As far as the rest of the economy is concerned, the situation is still problematic. As I argued in last week's column, the global economy has been far weaker than most forecasters had expected a year ago and, as a result, the downside risks to the UK economy are greater than seemed likely back then. Of course, this doesn't prove that the UK is about to head into recession. It does, however, suggest that the bits of the economy that are beyond the Bank of England's direct sphere of influence are making the setting of monetary policy that much more complicated.

The current weakness of manufacturing does, however, suggest a possible resolution to the "forward/reverse" economy. Weaker corporate profits imply weaker corporate balance sheets, particularly in the new environment of relatively high corporate indebtedness (an observation not lost on the Bank of England, judging from last week's inflation report). Ultimately, this balance sheet threat is likely to imply greater cost-cutting and, with it, higher unemployment.

Job losses are never pleasant at the best of times. However, to the extent that they should help to reduce the risk appetite of the average UK consumer, some of the heat should be taken out of the housing market. This slow deflation should check consumer spending and, thus, pave the way for a less ambiguous approach to monetary policy. Under these circumstances, interest rates could fall more quickly with less fear of a sudden inflationary surge.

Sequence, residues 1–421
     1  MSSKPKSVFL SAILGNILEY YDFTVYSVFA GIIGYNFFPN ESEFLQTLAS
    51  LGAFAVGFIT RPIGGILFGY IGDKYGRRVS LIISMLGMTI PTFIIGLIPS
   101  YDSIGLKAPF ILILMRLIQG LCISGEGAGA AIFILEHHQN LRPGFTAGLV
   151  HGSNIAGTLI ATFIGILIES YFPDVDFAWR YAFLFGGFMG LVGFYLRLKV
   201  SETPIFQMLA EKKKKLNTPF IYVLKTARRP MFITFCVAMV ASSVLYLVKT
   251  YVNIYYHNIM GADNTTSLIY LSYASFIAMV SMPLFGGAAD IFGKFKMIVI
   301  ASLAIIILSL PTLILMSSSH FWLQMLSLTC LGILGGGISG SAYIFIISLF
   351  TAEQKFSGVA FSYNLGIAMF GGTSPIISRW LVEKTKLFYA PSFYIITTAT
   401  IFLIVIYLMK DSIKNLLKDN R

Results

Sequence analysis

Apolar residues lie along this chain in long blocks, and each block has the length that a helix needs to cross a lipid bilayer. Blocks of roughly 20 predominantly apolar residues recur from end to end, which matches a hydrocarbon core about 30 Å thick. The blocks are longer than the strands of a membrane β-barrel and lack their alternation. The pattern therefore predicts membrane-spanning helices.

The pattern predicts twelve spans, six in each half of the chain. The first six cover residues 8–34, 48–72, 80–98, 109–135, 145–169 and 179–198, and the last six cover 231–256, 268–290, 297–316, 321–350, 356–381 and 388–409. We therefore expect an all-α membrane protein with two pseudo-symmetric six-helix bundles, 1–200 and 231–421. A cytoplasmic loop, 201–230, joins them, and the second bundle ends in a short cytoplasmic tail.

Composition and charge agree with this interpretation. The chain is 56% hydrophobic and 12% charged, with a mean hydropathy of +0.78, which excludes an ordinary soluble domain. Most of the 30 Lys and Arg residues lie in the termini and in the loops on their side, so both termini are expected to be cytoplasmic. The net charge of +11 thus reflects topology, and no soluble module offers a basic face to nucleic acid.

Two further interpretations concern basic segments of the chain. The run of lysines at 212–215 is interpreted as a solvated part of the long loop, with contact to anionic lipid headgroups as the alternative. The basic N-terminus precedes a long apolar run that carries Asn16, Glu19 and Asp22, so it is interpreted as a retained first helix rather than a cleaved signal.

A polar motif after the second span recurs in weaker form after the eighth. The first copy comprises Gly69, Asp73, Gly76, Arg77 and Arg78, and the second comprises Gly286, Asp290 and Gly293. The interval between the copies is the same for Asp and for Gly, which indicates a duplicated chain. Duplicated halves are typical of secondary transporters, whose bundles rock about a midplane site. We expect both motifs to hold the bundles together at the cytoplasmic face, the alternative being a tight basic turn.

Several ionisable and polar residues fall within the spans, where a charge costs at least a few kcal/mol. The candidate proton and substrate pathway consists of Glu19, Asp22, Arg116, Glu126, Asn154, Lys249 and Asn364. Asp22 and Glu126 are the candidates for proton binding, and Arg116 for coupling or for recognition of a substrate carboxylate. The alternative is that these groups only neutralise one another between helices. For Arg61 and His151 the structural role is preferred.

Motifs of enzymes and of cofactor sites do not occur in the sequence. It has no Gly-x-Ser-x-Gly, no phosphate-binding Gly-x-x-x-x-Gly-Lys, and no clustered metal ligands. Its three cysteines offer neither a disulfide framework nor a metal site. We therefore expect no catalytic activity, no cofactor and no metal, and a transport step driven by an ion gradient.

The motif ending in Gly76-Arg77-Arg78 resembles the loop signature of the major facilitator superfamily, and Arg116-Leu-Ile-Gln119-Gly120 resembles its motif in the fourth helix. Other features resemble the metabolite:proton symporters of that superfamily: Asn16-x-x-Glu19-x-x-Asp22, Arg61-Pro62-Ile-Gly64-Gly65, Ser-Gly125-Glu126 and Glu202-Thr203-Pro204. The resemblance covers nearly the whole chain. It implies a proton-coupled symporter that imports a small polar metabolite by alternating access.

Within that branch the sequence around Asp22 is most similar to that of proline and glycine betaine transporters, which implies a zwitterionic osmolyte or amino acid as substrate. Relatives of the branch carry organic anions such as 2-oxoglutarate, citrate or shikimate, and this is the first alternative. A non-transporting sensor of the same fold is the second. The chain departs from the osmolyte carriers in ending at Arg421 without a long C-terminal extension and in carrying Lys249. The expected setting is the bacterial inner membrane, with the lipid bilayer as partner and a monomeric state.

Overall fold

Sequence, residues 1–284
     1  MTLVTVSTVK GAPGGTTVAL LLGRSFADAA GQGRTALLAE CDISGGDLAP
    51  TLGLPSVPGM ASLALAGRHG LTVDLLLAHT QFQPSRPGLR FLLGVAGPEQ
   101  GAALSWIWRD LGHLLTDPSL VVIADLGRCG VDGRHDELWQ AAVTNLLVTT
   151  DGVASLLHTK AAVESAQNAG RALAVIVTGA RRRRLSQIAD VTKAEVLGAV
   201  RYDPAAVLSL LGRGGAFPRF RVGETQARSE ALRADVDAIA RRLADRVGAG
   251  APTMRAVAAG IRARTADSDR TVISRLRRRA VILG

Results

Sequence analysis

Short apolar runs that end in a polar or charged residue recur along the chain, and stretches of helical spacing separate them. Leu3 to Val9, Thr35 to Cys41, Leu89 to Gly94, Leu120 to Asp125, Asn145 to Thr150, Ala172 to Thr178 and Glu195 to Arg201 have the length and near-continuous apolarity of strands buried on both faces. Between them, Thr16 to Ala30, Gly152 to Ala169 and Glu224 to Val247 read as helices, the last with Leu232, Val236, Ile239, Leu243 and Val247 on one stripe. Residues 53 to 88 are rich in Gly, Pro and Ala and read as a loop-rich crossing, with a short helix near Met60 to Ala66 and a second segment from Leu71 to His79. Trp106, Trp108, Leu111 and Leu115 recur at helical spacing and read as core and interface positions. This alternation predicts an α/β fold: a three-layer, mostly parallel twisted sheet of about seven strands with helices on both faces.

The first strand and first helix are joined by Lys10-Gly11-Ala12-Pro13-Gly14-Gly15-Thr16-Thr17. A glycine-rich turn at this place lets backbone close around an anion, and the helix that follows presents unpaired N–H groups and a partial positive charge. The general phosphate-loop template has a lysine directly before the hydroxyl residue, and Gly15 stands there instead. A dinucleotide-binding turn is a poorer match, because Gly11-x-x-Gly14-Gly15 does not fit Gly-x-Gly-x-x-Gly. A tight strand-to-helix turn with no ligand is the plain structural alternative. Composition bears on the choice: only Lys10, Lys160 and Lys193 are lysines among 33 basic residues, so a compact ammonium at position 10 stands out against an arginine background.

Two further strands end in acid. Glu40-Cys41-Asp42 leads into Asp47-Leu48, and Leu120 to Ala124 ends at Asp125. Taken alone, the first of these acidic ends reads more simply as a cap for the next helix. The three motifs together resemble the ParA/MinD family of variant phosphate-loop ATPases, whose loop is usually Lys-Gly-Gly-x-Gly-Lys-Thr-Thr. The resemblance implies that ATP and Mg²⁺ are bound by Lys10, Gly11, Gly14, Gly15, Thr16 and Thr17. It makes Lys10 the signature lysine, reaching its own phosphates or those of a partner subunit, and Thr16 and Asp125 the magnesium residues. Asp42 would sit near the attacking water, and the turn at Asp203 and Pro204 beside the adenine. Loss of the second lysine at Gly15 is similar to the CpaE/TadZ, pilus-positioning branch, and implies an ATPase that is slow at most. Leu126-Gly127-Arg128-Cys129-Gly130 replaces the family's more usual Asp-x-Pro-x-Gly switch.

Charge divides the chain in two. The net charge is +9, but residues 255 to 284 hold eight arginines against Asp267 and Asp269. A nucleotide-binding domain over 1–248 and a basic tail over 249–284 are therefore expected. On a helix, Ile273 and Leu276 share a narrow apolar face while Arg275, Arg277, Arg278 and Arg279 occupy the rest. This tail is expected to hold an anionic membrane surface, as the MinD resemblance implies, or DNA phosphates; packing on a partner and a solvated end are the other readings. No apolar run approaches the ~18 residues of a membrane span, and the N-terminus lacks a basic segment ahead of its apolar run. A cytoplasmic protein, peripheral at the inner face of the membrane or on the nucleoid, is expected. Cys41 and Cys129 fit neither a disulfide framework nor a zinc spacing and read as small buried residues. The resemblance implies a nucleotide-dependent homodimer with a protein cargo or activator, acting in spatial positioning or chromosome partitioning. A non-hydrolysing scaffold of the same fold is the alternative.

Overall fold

Having said all this, the rise in house prices still presents some potential difficulties for the future. One obvious reason for the rise in house prices is the reduction in borrowing costs in recent years. Debt service costs are now only a tiny fraction of what they used to be. Combined with a very competitive mortgage market, this has led to a significant increase in the "buying power" of the typical would-be house purchaser.

Unfortunately, however, there is more than a whiff of money illusion about this argument. True, debt service costs are a lot lower. But the actual debt is going to hang around people's necks for a lot longer now than used to be the case. Gone are the days when rapid inflation reduced the real value of debts. And going are the days when investments in the stock market were an easy way to pay off the debt with a rapid accumulation of financial assets. Consumers may not be feeling the pinch at the moment. But continued increases in house prices in the short term could lead to overly inflated household balance sheets over the medium term. That may not be a risk for inflation. However, it certainly provides a challenge both for credit quality and overall financial stability.

 

The writer is managing director of economics at HSBC.